Hartford, Conn. Pratt & Whitney is flying dozens of parts in aircraft engines manufactured through the 3-D printing or “additive” process. Asked how these parts can endure the thermal and dynamic stresses required of aviation parts—when they are laid down one layer at a time and presumably have seams or a “grain” afterwards—company chief engineer for manufacturing Lynn Gambill told Air Force Magazine each layer of a metal part is laid down before the layer beneath it has cooled. The layers bond together seamlessly, resulting in a homogenous part; a single crystal “with no grain.” The secret, she said, is in Pratt’s metallic powder, part of a proprietary process. The technique is also capable of producing parts within parts at the time of manufacture, such as a gear free to move within an outer part. “The powder serves as a placeholder” to separate the inner from the outer parts, Gambill said. The unused powder is removed after printing, leaving the inner part free to move. Unused power is also reclaimed for re-use, reducing the cost of material. The 3-D process saves material and money, and allows prototyping of parts that can speed the development process, Gambill said.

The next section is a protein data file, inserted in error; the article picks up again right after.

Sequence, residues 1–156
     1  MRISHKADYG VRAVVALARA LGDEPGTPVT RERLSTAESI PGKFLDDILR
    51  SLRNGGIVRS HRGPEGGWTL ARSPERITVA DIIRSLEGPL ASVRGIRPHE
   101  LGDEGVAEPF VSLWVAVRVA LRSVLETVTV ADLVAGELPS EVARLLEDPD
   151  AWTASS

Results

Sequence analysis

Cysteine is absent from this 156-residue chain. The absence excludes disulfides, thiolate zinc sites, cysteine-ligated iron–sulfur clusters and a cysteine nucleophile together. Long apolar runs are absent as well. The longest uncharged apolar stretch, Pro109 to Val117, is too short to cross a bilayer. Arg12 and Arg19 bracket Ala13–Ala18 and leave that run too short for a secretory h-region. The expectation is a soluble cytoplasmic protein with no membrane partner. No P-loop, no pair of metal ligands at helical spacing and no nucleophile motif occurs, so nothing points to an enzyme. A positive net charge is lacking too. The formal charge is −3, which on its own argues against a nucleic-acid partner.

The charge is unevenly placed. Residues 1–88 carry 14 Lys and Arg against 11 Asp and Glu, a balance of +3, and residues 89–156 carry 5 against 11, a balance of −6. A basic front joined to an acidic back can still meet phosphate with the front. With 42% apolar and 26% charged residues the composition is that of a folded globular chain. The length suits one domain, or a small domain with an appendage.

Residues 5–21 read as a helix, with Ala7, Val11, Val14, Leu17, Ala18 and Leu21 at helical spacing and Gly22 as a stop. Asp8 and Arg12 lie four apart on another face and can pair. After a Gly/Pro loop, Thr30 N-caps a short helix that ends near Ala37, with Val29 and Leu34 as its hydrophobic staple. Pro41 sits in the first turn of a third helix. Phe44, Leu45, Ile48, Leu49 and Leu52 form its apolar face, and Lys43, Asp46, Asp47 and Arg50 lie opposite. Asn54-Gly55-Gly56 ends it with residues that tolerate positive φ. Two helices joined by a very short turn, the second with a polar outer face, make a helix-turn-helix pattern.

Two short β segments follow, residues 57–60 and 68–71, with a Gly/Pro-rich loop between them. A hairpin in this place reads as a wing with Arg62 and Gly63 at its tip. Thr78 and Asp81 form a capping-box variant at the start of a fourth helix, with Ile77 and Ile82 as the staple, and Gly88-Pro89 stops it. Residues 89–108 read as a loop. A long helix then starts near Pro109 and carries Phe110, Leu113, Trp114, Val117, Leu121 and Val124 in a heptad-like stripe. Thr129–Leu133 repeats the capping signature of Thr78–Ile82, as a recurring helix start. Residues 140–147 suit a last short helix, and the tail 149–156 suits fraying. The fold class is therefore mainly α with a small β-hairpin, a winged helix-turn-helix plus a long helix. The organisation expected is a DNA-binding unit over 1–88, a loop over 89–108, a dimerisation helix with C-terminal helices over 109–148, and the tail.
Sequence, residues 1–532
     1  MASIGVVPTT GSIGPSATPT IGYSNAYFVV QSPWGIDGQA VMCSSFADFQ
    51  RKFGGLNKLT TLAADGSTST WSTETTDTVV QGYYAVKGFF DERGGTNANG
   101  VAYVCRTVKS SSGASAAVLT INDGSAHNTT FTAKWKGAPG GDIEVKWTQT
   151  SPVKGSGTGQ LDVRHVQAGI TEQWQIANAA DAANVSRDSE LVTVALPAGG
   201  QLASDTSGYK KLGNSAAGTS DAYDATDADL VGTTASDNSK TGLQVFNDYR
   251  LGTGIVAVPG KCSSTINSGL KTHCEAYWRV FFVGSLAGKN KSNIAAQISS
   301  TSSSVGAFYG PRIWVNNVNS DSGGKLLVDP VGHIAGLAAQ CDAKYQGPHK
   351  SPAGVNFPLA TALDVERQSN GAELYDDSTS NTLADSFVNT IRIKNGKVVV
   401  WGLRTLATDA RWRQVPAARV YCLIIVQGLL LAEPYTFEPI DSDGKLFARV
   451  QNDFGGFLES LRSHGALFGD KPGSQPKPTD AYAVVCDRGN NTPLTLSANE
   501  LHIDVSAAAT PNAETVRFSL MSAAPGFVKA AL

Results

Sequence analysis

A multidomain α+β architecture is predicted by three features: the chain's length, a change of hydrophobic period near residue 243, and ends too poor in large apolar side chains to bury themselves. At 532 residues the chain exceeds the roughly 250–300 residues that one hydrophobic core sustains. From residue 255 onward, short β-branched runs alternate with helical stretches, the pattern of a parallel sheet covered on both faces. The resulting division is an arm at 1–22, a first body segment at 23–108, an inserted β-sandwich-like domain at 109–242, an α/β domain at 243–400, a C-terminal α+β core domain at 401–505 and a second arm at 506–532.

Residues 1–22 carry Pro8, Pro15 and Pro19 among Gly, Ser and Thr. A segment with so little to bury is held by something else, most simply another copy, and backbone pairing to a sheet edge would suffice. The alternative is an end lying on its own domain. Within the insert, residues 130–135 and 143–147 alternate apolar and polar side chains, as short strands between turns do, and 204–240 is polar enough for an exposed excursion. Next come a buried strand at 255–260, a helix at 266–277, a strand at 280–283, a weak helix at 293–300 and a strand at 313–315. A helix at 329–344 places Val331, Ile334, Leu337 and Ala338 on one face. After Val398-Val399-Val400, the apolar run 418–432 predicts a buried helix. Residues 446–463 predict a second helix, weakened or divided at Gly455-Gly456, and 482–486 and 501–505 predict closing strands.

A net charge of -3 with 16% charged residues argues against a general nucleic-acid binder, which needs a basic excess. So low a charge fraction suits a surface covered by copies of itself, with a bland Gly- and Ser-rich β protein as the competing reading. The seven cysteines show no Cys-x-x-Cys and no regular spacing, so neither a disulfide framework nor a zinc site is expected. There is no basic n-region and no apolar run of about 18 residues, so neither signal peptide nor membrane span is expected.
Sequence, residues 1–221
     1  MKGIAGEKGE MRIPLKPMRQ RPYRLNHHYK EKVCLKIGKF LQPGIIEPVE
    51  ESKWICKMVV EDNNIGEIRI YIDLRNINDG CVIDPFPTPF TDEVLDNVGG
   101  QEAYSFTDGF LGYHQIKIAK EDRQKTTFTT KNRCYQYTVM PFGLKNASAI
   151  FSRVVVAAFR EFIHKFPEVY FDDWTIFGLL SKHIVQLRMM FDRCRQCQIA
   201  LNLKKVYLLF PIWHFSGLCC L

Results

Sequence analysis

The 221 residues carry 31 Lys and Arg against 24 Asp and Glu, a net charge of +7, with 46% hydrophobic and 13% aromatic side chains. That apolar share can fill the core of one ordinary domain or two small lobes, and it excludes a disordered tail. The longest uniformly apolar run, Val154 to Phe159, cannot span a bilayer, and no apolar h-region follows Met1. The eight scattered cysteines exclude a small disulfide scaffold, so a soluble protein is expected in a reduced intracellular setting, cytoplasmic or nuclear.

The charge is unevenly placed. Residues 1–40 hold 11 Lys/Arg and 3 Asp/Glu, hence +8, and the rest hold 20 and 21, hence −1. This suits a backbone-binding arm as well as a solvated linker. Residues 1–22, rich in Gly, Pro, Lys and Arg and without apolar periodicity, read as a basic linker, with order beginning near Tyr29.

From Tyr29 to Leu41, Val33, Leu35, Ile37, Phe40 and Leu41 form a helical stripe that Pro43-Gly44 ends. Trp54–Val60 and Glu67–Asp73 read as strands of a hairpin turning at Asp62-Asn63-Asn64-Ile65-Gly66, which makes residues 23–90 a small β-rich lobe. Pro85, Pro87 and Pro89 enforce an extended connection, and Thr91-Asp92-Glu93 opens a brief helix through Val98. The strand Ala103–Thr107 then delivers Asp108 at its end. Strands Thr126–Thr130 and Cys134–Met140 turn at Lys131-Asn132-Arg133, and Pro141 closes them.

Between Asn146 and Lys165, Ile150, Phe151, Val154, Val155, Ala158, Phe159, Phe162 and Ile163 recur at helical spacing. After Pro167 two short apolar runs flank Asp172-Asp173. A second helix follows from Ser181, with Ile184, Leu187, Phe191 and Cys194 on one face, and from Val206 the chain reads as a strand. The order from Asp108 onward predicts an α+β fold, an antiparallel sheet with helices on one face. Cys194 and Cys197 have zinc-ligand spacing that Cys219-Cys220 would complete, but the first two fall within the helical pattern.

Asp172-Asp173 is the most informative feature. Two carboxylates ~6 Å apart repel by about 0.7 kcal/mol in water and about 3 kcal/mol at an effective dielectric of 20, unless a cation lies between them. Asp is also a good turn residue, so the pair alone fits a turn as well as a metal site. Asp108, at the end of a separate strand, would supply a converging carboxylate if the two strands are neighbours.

While some of the Air Force's newly announced changes will happen quickly, it may take most of Chief of Staff Gen. David W. Allvin's tenure in the job to accomplish the rest, he said in a Brookings Institution event Feb. 28.